They shared the engine oil, so the injection pumps would wear if the oil wasn’t changed. They also require precise setup, if they are disconnected/taken apart. I think this is where the average mechanics of the day derided SPICA FI. Some have had issues with the cold start circuit, which is a very simple fix, but the uneducated tend to think the pump is out of whack and unnecessarily mess with it.

    I grew up with SPICA Alfas, both daily drivers and race cars and was always a fan. You really need to view them in the context of the period. Was a Kugelfischer setup better? Of course, it’s German, but it’s also more complex and expensive to service.

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  5. wuzjeepnowsaab

    22 pictures…couldn’t you pop the hood for at least one of them?

    Beautiful car that I’d love to own. I bet the exhaust note even speaks Italian

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  6. Rickyrover

    I had a ’78 and drove it many years without a problem. Mine was Alfa green with tan leather.The venerable twin cam is a great engine, and I never had issues with the fuel injection or anything else. The direct gearbox on these cars are wonderful. This is a rare car, worth more than asking price. How many Niki Lauda specials have you seen? The interior has been re-done and may not be real leather like the original. This car does have the original Campagnolo rims. Driver’s cars for sure with the traditional Italian feel for sporting fun on the road!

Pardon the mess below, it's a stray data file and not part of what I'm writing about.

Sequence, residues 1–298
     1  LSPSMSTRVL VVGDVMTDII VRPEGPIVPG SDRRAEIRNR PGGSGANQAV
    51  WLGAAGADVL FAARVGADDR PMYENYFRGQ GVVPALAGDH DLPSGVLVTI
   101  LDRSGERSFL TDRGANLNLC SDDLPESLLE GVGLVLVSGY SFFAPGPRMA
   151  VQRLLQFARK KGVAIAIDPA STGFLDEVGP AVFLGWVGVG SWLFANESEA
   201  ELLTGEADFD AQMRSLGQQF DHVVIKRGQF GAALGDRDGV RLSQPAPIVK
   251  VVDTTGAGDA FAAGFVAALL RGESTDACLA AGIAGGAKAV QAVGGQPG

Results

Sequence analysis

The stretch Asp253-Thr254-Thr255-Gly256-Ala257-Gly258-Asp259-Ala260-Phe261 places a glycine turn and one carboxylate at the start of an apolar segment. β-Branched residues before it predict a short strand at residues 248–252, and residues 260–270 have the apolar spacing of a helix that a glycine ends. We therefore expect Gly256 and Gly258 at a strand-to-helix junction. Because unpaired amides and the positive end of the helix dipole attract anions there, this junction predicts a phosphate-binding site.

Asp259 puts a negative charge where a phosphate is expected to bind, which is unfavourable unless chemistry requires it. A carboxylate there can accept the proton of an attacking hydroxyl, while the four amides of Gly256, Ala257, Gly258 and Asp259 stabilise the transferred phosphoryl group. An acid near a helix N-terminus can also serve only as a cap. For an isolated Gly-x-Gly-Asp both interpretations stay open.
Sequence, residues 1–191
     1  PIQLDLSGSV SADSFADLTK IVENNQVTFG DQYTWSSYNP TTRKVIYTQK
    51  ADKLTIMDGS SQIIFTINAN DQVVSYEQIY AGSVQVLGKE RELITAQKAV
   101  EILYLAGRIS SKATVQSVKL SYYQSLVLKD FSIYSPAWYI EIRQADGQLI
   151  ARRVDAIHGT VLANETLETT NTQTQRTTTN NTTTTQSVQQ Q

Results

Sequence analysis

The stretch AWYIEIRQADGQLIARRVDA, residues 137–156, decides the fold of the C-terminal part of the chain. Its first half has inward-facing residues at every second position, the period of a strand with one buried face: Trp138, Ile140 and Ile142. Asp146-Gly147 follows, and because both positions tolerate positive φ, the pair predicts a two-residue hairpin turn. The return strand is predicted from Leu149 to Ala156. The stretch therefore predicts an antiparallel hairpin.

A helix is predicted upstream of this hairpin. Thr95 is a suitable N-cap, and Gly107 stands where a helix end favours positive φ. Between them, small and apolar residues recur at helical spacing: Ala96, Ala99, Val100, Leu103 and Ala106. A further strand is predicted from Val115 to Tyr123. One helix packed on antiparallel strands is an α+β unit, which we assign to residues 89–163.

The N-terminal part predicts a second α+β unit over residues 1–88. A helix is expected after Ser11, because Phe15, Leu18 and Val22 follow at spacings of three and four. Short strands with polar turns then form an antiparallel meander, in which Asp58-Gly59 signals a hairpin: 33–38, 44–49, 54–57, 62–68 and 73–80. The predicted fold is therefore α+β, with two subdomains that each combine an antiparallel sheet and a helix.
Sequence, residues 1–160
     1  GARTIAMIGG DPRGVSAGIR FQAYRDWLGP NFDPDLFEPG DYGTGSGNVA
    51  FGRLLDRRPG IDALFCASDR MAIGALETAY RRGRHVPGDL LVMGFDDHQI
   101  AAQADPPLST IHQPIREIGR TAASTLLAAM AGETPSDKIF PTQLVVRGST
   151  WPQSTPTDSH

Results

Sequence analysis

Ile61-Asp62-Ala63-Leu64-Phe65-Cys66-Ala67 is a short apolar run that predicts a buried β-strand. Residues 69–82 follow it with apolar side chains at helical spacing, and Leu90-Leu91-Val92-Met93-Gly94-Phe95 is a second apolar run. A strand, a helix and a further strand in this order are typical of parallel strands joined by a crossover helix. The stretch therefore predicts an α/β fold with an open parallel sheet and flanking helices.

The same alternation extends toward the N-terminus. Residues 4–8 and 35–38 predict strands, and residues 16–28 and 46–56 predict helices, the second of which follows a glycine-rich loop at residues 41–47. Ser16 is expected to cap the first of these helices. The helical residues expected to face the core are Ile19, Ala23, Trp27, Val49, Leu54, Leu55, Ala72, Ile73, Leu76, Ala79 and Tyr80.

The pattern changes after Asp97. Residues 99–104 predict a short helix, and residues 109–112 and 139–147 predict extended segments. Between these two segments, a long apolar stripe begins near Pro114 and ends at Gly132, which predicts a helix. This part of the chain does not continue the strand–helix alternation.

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  7. Bruce Best

    The SPICA fuel injection if maintained properly is a wonderful thing. The cold weather problems are far less important than the high altitude adjustment that was manual. I lived in Denver for a few years and would constantly go into the mountains in all seasons.

    The best time was skiing season. My Alfa would always start on the first or second rotation and I would pay for my lift fees, housing and food by jump starting a number of BMW’s, Mercedes, Audis and various American makes. After about the second month I had a number of those people asking me how i was able to start so easily. It was that engine, and fuel injection combination.

    It may share oil with the engine and it may have very limited electronics but it works and works very well in terms of daily operation. As for webber making more power than t is generally very problematic for I have a friend who has raced these spider for many years with the fuel injection slightly adjusted for the racing cams, pistons and other modifications and he is generally either winning or in the top five at the SCCA nationals in Atlanta. Given that he is about double the age of most of the other drivers says something about both the car and the reliability of the engine. He never has had to fiddle with the engine at any race like the street car it just works if you know what you are doing and you take care to do it right.

    As for the cars, perfect for a drive with your girlfriend, wife, or what ever other you consider important and that includes children. These cars can be magic their only flaw is the rust worm and for some the seating position for the drive.

    I wish they sill made them

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  8. Larry Tate

    Drove a green ’78 for nearly fifteen years in Phoenix. SPICA injection was the best thing ever. Never a fault, stumble, miss…never touched it, since there was no reason. It still had the factory tags over the adjusting screws…no one else had touched it either.